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Queens Landsknechts-Shoes

Mai 2012

My initial idea was to build the pair of 16th century cowmouth shoes from stepping through time (P.276, Fig.2). My Queen Shoban plays Landsknecht, that qualifies her to be a good victim for these shoes :-) And it is an honor for me, that she accepted this present.
The Shoe on the drawing is symmetric, no difference between right and left shoe. In the meantime I found historic sources complaining about these type of shoes, there is documents saying the servants needed to wear new shoes for a month and hand them over to the Lords and Ladies after that. The modern shoemakers strictly warn to use symmetric shoes, they are uncomfortable and may cause injuries on the foot (if worn regularly).


So, do I really want to build my Queen a pair of symmetric shoes, knowing the above?

I decided to not do so. I tried to transport the look and type of making the onto a anatomic pair of shoes. Everything behind the bale-line will be foot-shaped, the part in front of it will be the cowmouth-look. This is a compromise, but I don’t want to waste more than 20h of work to build a uncomfortable shoe.

Note the Heel: different than the Turnshoes this one has the Seam at the very back. The curved Edges give the Heel a foot-fitting shape.

The Prototype

As I tend to do, I did build a Prototype to get an approval of the shape. This one was done without any decoration, no Treadsole, no closure. It did fit, only the front-edge should be moved more to the front, the current one presses on the foot. And obviously the leather close to the bales need to be flat.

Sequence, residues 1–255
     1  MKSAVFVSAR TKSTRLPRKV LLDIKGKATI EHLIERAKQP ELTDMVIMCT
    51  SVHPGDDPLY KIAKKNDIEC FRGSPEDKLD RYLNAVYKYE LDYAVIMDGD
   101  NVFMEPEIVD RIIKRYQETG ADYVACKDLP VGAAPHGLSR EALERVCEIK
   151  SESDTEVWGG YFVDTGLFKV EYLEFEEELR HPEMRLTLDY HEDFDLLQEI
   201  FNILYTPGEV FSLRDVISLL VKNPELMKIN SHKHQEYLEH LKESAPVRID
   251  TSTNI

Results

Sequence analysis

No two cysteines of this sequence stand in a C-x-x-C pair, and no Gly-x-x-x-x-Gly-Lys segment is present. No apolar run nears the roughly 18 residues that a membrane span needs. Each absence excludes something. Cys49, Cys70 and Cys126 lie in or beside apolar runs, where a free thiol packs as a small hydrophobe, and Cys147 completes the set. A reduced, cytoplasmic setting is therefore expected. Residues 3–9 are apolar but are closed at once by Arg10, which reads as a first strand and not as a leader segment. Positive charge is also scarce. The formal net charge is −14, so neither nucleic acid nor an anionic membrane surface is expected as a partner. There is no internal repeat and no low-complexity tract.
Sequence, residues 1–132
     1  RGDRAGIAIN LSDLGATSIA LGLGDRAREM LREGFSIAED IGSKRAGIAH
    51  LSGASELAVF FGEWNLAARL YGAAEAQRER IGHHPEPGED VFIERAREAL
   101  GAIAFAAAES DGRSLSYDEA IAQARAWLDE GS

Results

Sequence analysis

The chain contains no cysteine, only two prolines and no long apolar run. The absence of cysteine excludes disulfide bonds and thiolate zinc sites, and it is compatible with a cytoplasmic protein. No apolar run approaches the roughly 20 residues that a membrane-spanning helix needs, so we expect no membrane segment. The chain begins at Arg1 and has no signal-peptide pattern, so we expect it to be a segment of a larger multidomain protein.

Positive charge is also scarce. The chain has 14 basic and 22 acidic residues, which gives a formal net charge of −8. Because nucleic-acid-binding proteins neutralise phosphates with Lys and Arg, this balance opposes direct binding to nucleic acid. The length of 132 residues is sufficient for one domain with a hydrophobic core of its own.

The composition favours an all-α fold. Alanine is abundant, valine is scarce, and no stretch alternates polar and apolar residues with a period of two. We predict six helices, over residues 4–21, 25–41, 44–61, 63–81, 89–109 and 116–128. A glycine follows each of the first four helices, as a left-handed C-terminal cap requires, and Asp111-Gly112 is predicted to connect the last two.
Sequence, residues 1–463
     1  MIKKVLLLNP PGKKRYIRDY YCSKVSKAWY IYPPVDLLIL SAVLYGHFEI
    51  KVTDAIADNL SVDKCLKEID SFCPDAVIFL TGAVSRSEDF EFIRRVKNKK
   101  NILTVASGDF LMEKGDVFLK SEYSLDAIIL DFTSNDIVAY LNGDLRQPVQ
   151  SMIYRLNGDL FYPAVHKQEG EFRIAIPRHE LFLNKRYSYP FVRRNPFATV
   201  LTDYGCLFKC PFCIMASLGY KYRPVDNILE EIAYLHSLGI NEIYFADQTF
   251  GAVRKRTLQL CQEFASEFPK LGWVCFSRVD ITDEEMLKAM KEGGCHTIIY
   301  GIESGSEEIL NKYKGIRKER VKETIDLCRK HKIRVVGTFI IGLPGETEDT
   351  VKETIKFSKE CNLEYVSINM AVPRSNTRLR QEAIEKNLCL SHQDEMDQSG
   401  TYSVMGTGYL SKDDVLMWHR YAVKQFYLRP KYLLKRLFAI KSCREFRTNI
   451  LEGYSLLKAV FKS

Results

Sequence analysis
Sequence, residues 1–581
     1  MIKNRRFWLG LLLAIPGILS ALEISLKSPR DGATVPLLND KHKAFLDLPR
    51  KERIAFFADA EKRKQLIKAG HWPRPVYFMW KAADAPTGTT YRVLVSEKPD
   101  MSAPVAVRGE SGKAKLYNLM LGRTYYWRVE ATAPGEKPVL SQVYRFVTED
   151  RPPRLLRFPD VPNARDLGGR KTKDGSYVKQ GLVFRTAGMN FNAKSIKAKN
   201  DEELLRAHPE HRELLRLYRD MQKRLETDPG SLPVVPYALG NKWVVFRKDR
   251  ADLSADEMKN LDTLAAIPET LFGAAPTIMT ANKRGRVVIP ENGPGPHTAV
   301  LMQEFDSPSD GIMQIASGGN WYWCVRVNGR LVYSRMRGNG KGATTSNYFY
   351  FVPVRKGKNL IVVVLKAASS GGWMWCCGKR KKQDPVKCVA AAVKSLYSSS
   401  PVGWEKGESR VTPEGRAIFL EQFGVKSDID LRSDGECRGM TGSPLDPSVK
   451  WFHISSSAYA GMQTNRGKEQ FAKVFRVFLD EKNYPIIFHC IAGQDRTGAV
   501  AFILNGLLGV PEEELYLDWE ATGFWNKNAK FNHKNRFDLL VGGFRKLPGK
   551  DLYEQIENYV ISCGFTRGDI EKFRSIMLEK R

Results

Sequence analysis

All in all a good start.

The Upper

First thing was to adjust the pattern to avoid the “ears” at the front. That was straight forward, next was to cut the upper-leathers. Because of the A-Shape of the new Pattern (right picture), instead of the V-Shape of the Prototype (left), the Upper need to be made of two parts.
The most complicate piece I expected was the decoration of the Vamp, so I did this first.


The drawing shows a Vamp decorated with a longer, dagged edge reinforcement, a line of holes and a slit. A nice interpretation can be found here, Stepping Through Time shows a picture of a similar shoe, especially the slit not being a slit but having something (a piece of leather?) sewn in, is very feasible. A Slit there would reduce the stability of the shoe dramatically. shoe07-r.jpg

I was thinking about how to do this a while. I wanted to prevent distant seams on the inside, as seen in the example linked above. I expect, they will irritate the foot, which I want to prevent. So, thinking about this did cause lots of testing, the result of this does fulfill my requirement but is complicate to realize.

The edge reinforcement is a folded piece on thin leather attached to the edge of the Vamp. This one is connected using a flesh-edge whip-stitch, which was complicate because the thread needed to enter the edge (!) of the thin leather.
The piece is very long, the original had approx. 5mm I did 20mm. My idea behind was to keep the look. The original shoe did only cover the toes, the vamp was very small. My vamp is much longer, so I thought a longer piece there would pronounce it better.

The Holes are simply punched.